Thru the Bible – Day 244

If you use Facebook, we are posting these each day on our page there, and we will also post these here each day. We welcome your thoughts here or on Facebook.

Day 244 – Thru the Bible

Today we continue in Matthew.

Matthew 17Moses and Elijah appear with Jesus on the Mount of Transfiguration. Moses represents the Law and Elijah represents the Prophets, indicating that all that has preceded in God’s Word and redemptive history leads to Jesus. He is thus shown to be the apex of redemptive history and the fulfillment of God’s promises of redemption. The Jesus-centrality of all the Scripture is most evident visually in this text as the transcendent glory of the incarnate Word of God is confirmed by the witness of the most significant representatives of the Word of God.

While Jesus, Peter, James, and John were on the Mount of Transfiguration, the other disciples were down below, attempting to drive out a demon that had produced in a boy the symptoms of epilepsy. Because of their “little faith,” however, they were unable to help the boy. It was not the intensity of their faith that was the problem, but its quality. Only a little of the right kind of faith is necessary to accomplish the work of the kingdom. The work of the kingdom depends on the power of God, not on the power or intensity of Believers. The disciples’ faith was probably faulty because it lay more in themselves (perhaps in using the right technique) than in God.

God enables Believers to do more and greater things than we think possible. This passage cautions Believers to rely on God rather than on themselves to accomplish the kingdom’s goals, but it also encourages them not to be timid in their expectation of what God can do. After all, God has done the hardest thing—He has atoned for the sins of His people, in Jesus.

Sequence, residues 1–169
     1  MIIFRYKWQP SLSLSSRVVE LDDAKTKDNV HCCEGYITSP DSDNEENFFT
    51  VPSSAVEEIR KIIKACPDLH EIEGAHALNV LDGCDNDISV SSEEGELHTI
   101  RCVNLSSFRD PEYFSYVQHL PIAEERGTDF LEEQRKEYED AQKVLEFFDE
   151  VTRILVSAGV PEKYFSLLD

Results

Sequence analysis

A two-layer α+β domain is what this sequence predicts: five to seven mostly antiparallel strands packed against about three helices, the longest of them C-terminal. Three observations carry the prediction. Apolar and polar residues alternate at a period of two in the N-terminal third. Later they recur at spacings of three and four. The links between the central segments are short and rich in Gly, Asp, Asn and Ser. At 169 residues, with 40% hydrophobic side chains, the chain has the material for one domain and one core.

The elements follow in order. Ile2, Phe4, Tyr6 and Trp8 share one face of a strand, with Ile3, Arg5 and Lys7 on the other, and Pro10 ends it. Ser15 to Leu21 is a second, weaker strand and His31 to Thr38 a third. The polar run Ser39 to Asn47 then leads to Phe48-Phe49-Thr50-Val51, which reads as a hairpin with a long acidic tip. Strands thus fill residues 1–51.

The two incidents recorded in 17:1–20 provide a striking example for all Believers: Having just had his glory revealed on the Mount of Transfiguration, Jesus did not hesitate to then immediately become involved in our world of pain and shame as He focused on the diseased child. Glory did not distract Jesus from compassion. Rather, compassion for the hurting became an expression of His glory.

How does this chapter remind you that the whole Bible points us to Jesus?


Matthew 18The theme that binds this section together is God’s concern for the spiritually needy: the powerless, those victimized by sin, and sinners who have victimized others. The kingdom of heaven is a place where everyone recognizes their dependence on God, just as children know they are dependent on loving adults to care for them. It is a place where the powerless are cared for, and abuse of them is not tolerated. The kingdom of heaven is a place where sinners are mercifully restored, and where people are quick to forgive and to seek reconciliation, knowing that God in His grace has forgiven them (Mark 11:25; Ephesians 4:32; Colossians 3:13).

We all fall into the categories of powerless, victimized by sin, and sinners who victimize others, so how does it feel to know Hod is all about restoring, forgiving and reconciling us?


What other thoughts or questions does today’s reading bring up?


Some of these notes are from the ESV Gospel Transformation Bible study notes. We highly recommend this study Bible.

Videos produced by

All links you need to be a part of this are here – Thru the Bible in 2018.

Leave a Reply

Your email address will not be published. Required fields are marked *

%d bloggers like this: